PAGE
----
m(MyWidget) // <MyWidget /> in JSX
So you can get a fairly aggressive CSS optimization scheme for basically free, and you can iteratively improve the quality of your atomic CSS as you learn more about plain CSS / semantic taxonomy practices. And meanwhile, you're still just writing bog standard CSS and Mithril templates. There's no compile-time shenanigans to dedupe styles, no extra library runtime, and CSS is actually CSS so if you server-render you stay on the browser's streaming rendering happy path instead of waiting blocked on scripts.

Now compare with what one would do with most frameworks: one would pick some CSS-in-JS library, get things done and over with, but probably learn nothing interesting in the process and have little idea of what sort of code is actually getting shipped to customers.


This is really useful. Thank you.


I've also bought into JSX. I use JSX in all my Mithril projects.

Advantages over React: Routing built in. Smaller/faster. You don't get numb to the word "dangerously" being used routinely for data that you trust.

Debatable: Mithril does not wrap native browser events. This is an advantage because what you learn about events applies outside the framework. It may also be a disadvantage; debatable.

Disadvantage: React is a more attractive keyword on your resume and in job listings.

EDIT: Forgot my example - https://medium.com/front-end-hacking/how-it-feels-to-learn-j...


As web-development is not my primary trade, I found that MithrilJs was the right amount of abstraction to get into it. Small API, modular, as close to Javascript as it could get and with the help of the folks in the Gitter channel and the invaluable pearls of wisdom in Leo's blog in the earlier days of the framework, my code became more functional and much more readable. For me, it's kind of the swiss army knife of Frameworks.


The main problem with steering away from templates is that designers who know HTML are immediately alienated from the code base. Same thing with CSS as objects instead of using real CSS.

When working with libs that use HTML templates such as Vue, it's still possible for designers to be integrated in the development process. But with HyperScript, JSX, or Mithril, anyone contributing to the codebase has to know JavaScript.


If they can’t learn basic JavaScript, they should not be touching the code base with a ten foot pole. Designers can still design, but through mockups and comments passed to people qualified to modify code.


It's a collision between half the industry telling designers they need to know HTML and CSS to do the CSS work themselves (instead of Software Engineers, because they apparently don't want to deal with it) while the other half of the industry makes it ever harder to do so.

Consistency isn't exactly a high point when it comes to industry signaling vs reality.


I love getting PRs from designers on my Vue project at work. They enjoy not having to wait on me and I enjoy focusing on application logic instead of CSS tweaking.


If markup and styling are not in JavaScript, designers do not need to touch JavaScript at all.


This is where the whole fight over what "separation of concerns" in the front-end means scores a clean point for the traditional definition.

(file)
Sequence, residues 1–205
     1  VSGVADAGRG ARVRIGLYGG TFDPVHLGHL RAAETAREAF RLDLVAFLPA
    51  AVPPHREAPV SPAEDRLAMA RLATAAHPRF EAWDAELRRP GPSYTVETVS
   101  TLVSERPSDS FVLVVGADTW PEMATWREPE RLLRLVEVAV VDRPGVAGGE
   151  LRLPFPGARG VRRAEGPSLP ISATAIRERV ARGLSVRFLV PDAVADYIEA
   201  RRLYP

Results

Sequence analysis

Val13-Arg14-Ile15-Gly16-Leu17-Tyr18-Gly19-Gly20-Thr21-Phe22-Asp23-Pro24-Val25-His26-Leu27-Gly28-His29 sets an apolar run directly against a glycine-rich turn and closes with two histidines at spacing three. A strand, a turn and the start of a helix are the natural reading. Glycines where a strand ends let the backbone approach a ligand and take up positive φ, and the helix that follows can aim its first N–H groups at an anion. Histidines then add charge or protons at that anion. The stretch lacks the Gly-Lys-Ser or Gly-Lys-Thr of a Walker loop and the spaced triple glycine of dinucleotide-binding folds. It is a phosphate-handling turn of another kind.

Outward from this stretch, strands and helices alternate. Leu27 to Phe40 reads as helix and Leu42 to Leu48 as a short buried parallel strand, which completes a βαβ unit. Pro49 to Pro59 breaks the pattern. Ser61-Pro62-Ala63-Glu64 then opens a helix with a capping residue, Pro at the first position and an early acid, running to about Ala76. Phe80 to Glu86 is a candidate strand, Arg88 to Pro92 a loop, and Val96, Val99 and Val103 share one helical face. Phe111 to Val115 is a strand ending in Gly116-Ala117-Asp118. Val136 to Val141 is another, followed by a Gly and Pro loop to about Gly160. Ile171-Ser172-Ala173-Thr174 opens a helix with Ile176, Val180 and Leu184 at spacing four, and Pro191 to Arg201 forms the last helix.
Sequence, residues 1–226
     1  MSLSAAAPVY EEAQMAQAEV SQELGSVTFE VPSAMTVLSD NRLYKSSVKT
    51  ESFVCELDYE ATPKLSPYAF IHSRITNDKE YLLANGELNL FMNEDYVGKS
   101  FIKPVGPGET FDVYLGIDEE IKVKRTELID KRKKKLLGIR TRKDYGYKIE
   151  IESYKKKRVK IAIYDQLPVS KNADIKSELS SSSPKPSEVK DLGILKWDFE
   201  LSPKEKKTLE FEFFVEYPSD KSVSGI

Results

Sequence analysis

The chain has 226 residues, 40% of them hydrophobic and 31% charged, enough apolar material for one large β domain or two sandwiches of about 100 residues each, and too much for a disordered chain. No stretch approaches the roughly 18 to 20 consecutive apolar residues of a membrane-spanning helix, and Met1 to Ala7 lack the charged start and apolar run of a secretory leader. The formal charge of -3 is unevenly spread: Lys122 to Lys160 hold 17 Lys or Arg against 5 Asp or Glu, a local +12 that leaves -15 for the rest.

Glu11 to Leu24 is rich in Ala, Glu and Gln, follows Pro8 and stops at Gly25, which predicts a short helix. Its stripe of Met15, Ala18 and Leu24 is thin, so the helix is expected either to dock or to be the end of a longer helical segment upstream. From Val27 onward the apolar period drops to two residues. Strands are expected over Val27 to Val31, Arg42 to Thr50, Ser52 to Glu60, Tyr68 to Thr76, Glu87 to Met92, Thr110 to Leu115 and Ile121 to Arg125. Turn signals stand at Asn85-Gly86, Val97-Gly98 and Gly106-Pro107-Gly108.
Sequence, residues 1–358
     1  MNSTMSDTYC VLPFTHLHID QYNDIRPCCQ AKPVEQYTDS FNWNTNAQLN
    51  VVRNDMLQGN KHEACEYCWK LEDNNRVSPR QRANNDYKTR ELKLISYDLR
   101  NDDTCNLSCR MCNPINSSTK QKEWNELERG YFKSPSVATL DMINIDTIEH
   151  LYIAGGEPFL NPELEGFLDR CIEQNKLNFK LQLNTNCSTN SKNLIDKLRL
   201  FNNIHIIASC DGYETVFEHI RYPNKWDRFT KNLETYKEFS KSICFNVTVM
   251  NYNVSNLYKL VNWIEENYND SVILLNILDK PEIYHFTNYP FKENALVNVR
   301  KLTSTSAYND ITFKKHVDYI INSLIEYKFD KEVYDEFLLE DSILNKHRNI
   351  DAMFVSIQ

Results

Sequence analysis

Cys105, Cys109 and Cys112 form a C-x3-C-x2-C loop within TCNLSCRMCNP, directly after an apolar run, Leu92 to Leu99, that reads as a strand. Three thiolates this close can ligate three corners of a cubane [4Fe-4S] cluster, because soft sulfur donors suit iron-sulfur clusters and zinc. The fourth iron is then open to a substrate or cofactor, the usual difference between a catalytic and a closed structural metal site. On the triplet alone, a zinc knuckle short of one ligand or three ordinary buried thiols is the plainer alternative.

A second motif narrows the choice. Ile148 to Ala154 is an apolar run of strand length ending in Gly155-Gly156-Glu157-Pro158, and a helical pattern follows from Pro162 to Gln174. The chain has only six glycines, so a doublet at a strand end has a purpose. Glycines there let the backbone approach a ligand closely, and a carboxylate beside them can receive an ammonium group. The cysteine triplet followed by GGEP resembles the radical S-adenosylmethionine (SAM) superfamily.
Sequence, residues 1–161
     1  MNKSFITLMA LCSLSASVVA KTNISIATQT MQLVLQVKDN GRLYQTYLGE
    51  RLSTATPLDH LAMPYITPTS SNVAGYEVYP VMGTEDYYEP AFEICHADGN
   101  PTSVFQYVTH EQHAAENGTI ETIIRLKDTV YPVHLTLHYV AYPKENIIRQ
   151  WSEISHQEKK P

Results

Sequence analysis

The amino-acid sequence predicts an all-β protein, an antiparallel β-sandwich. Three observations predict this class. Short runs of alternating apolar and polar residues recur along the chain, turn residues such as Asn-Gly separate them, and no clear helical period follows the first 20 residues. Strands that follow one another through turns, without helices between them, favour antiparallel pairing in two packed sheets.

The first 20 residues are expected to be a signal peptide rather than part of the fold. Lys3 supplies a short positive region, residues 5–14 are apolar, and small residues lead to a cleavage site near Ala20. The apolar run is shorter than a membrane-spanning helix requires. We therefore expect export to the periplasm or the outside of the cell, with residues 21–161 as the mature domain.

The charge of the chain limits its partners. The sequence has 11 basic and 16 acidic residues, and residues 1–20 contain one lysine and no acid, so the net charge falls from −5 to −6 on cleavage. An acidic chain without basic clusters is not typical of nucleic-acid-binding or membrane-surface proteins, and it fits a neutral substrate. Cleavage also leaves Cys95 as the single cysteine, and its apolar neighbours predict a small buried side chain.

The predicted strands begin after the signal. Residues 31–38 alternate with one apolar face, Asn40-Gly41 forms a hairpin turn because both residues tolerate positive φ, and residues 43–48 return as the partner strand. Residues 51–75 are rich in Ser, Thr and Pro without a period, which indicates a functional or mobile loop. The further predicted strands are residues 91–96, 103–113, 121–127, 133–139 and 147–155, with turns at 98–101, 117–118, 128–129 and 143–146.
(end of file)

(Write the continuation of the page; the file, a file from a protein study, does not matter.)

This is one of the biggest reasons I see people citing for Vue>React. I think it's a very easy argument to defend, but I'm sincerely curious how big of a role this plays. Is it really that common to change the HTML/CSS of an app without also requiring changes to the underlying JavaScript? I have no doubt it happens, but I'm wondering if it happens often enough to justify claiming superiority of one popular web framework over another.

Beyond that, out of HTML, CSS, and JavaScript, by far I find CSS the most difficult to work with and get to behave the way I want. Are there really a lot of designers who are experts at this language but don't know any JS?

I think you might be able to measure some of this. I wonder if you could look at some popular web apps that have separate HTML/CSS/JS files and look at the proportion of commits where only the UI changes, vs commits where you have to change the UI and the JS. The hypothesis being that in general you need to change your JS, and thus require a full developer anyway.


Problem with this approach is, that it only works for fairly simple stuff. Todays webapps have pretty complex UI with a lot of ramifications and complex dependencies of widgets. Such things are much easier to build if you have a full fledged programming language (javascript) and not only a limited (turing-incomplete) templating language.

So your approach might work for simple apps, more ambitious stuff will get overly complicated.

That is imho one of the strength of mithril.js: Simple things are trivial, complicated things are pretty straight forward to solve.


Interesting, I don't have much experience with either, but I thought Mithril was kinda succeeded by Aurelia, which makes it a less attractive choice for a new project. Good to see there's still stuff going on.


Mithril is far superior to and simpler than Aurelia.


You're probably thinking of Durandal, which was the predecessor of Aurelia (along with some brief history involving Angular, IIRC). Mithril is an entirely different project by different people, I believe.


Good thing designers have chrome DOM inspect. :) very terse script, nice idea.


Why include XHR in a view framework?


You can use mithril.js without m.request, but then you have to dispatch redraw events when you finished handling the request[^1]. It also provides a promise API for web requests in old browsers, i.e. without fetch(). If I choose not to use m.request, I would have to find another XMLHttpRequest wrapper and bind it to Mithril.

[^1]: https://mithril.js.org/autoredraw.html#after-mrequest


It's a library for building webapps. Router and Ajax lib are a pretty obvious requirement for every webapp.


It's an MVC framework


YAJSF ?

Yet-another-js-framework


but a good one :D